« السابقةمتابعة »
Revolt our subjects ? That we cannot mend;
They break their faith to God, as well as us.
Cry woe, destruction, roin, loss, decay;
The worst is death, and death will have his day.
Scroop. Glad am I that your Highness is so arm'd
To bear the tidings of calamity.
Like an unfeasonable stormy day,
Which makes the silver rivers drown their shores,
As if the world were all diffolv'd to tears;
So high above his limits swells the rage
Of Boling broke, cov’ring your fearful land
With hard bright steel, and hearts more hard than steel,
White beards have arm’d their thin and hairless scalps
Against thy Majesty; boys, with women's voices,
Strive to speak big, and clasp their female joints
In stiff unwieldy arms, against thy crown.
The very beadsmen learn to bend their bows
Of double-fatal yéw, against thy ftatè :
Yea, diftaff-women manage rusty bills.
Against thy feat both young and old rebel,
And all goes worse than I have pow'r to tell.
K. Rich. Too well, too well, thou tell’ít a tale fo ill.
Where is the Earl of Wiltshire? where is Bagot?
What is become of Bufhy? Where is Green?
No matter where ; of comfort no man speak.
Let's talk of graves, of worms, and epitaphs,
Make dust our paper, and with rainy eyes
Write sorrow on the bofam of the earth!
Let’s chuse executors, and talk of wills;
And yet not fo-for what can we bequeath,
Save our deposed bodies to the ground?
Our lands, our lives, and all, are Bolingbroke's,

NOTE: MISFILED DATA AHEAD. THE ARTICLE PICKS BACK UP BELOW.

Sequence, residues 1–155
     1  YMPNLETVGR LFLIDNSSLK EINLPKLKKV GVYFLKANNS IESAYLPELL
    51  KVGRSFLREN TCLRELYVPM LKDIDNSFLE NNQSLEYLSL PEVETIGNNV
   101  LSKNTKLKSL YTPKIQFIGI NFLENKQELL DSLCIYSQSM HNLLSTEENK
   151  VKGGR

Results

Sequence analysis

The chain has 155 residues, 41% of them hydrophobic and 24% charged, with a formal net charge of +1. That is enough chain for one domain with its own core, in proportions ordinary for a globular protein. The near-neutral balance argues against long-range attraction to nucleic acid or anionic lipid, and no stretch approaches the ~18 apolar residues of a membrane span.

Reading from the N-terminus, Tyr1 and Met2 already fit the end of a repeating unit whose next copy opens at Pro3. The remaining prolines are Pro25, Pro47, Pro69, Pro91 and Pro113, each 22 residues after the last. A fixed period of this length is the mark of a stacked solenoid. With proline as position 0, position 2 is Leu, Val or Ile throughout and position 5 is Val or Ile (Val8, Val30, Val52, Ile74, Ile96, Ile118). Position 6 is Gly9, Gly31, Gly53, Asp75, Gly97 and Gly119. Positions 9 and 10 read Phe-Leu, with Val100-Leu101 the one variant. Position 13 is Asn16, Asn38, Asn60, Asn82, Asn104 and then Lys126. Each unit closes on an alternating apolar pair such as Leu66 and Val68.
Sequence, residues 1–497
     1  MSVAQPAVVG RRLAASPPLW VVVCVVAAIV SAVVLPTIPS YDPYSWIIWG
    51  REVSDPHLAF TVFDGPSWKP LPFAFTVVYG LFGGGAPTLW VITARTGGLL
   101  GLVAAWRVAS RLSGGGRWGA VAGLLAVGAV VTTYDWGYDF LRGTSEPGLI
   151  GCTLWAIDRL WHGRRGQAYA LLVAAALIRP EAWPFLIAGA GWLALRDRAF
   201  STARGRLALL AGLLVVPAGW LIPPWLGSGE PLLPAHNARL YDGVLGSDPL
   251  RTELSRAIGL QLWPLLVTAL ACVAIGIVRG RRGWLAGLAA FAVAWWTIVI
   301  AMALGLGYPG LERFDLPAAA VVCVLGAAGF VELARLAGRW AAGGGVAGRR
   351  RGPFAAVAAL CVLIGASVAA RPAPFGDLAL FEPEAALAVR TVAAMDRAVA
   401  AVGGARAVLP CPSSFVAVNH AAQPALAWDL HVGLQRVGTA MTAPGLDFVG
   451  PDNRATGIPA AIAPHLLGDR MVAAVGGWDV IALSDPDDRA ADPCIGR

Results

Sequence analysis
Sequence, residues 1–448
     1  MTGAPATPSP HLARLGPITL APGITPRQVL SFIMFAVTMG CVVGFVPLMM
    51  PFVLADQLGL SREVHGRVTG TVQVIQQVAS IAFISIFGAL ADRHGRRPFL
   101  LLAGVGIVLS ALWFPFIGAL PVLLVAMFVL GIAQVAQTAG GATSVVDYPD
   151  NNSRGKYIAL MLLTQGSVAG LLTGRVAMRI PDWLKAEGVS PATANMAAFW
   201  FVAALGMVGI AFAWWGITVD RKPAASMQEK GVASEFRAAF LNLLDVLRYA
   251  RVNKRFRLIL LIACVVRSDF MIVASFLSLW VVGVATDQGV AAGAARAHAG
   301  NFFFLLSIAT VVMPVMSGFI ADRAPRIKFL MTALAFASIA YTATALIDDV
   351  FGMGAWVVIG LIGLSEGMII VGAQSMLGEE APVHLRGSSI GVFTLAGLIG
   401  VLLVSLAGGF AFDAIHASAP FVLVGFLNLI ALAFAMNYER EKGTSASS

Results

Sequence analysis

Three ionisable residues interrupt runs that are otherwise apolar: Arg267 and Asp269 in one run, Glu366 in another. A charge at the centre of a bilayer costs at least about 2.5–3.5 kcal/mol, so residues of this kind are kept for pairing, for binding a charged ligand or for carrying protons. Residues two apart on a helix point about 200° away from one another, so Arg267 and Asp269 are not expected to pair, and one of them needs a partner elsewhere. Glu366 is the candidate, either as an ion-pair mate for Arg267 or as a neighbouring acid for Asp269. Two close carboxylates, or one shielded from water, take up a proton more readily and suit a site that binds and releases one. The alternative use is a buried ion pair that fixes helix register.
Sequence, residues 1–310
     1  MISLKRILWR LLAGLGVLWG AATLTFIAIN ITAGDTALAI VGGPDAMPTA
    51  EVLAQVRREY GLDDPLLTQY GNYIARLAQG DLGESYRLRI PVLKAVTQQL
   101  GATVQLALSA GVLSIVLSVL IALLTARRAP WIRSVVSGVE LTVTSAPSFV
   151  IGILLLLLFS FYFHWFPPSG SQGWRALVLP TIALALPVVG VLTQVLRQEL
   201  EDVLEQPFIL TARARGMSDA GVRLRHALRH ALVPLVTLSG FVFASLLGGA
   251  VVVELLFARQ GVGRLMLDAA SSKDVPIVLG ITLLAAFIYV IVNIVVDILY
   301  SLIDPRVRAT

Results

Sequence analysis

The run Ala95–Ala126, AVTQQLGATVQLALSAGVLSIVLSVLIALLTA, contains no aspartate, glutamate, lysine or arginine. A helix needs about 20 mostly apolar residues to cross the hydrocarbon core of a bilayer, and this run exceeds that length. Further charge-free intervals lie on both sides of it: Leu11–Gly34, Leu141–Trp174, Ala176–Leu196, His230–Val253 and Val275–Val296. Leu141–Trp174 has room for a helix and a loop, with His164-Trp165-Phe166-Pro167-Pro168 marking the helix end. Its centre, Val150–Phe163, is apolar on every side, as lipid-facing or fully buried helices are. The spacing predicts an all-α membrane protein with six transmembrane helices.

And nothing can we call our own, but death :
And that small model of the barren earth,
Which serves as paste and cover to our bones.
For heav'n's sake, let us fit upon the ground,
And tell fad stories of the death of Kings;
How some have been depos’d, some slain in war ;
Some haunted by the ghost they dispossess’d ;
Some poison’d by their wives, some sleeping kill'd;
All murder'd. For within the hollow crown,
That rounds the mortal temples of a King,
Keeps Death his court; and there the antic fits,
Scoffing his state, and grinning at his pomp;
Allowing him a breath, a little scene
To monarchize, be fear'd, and kill with looks :
Infusing him with self and yain conceit,
As if this flesh which walls about our life,
Were brass impregnable ; and, humour'd thus,
Comes at the last, and with a little pin
Bores through his castle walls, and farewel King!
Cover your heads, and mock not flesh and blood
With solemn rev’rence ; throw away respect,
Tradition, form, and ceremonious duty,
For you have but mistook me all this while.
I live on bread like you, feel want like you ;
Taste grief, need friends, like you: subjected thus,
How can you say to me I am a King ?
CH A P. 'XIV. HOTSPUR AND GLENDO WER.
Glen. CIT, cousin, Percy; sit, good cousin Hotspur;
W For, by that name, as oft as Lancaster Doth speak of you, his cheek looks pale ! and with A rising sigh, he wisheth you in heav'n.
Hot. And you in hell, as often as he hears Owen Glendower spoke of.
Glen. I blame him not : at my nativity,
The front of heaven was full of fiery shapes,
Of burning cresfets : know that, at my birth,
The frame and the foundation of the earth
Shook like a coward.
Hot. So it would have done
At the same season if your mother's cat
Had kitten’d, though yourself had ne'er been born.
Gren. I say, the earth did shake when I was born.
Hot. I say, the earth then was not of my mind;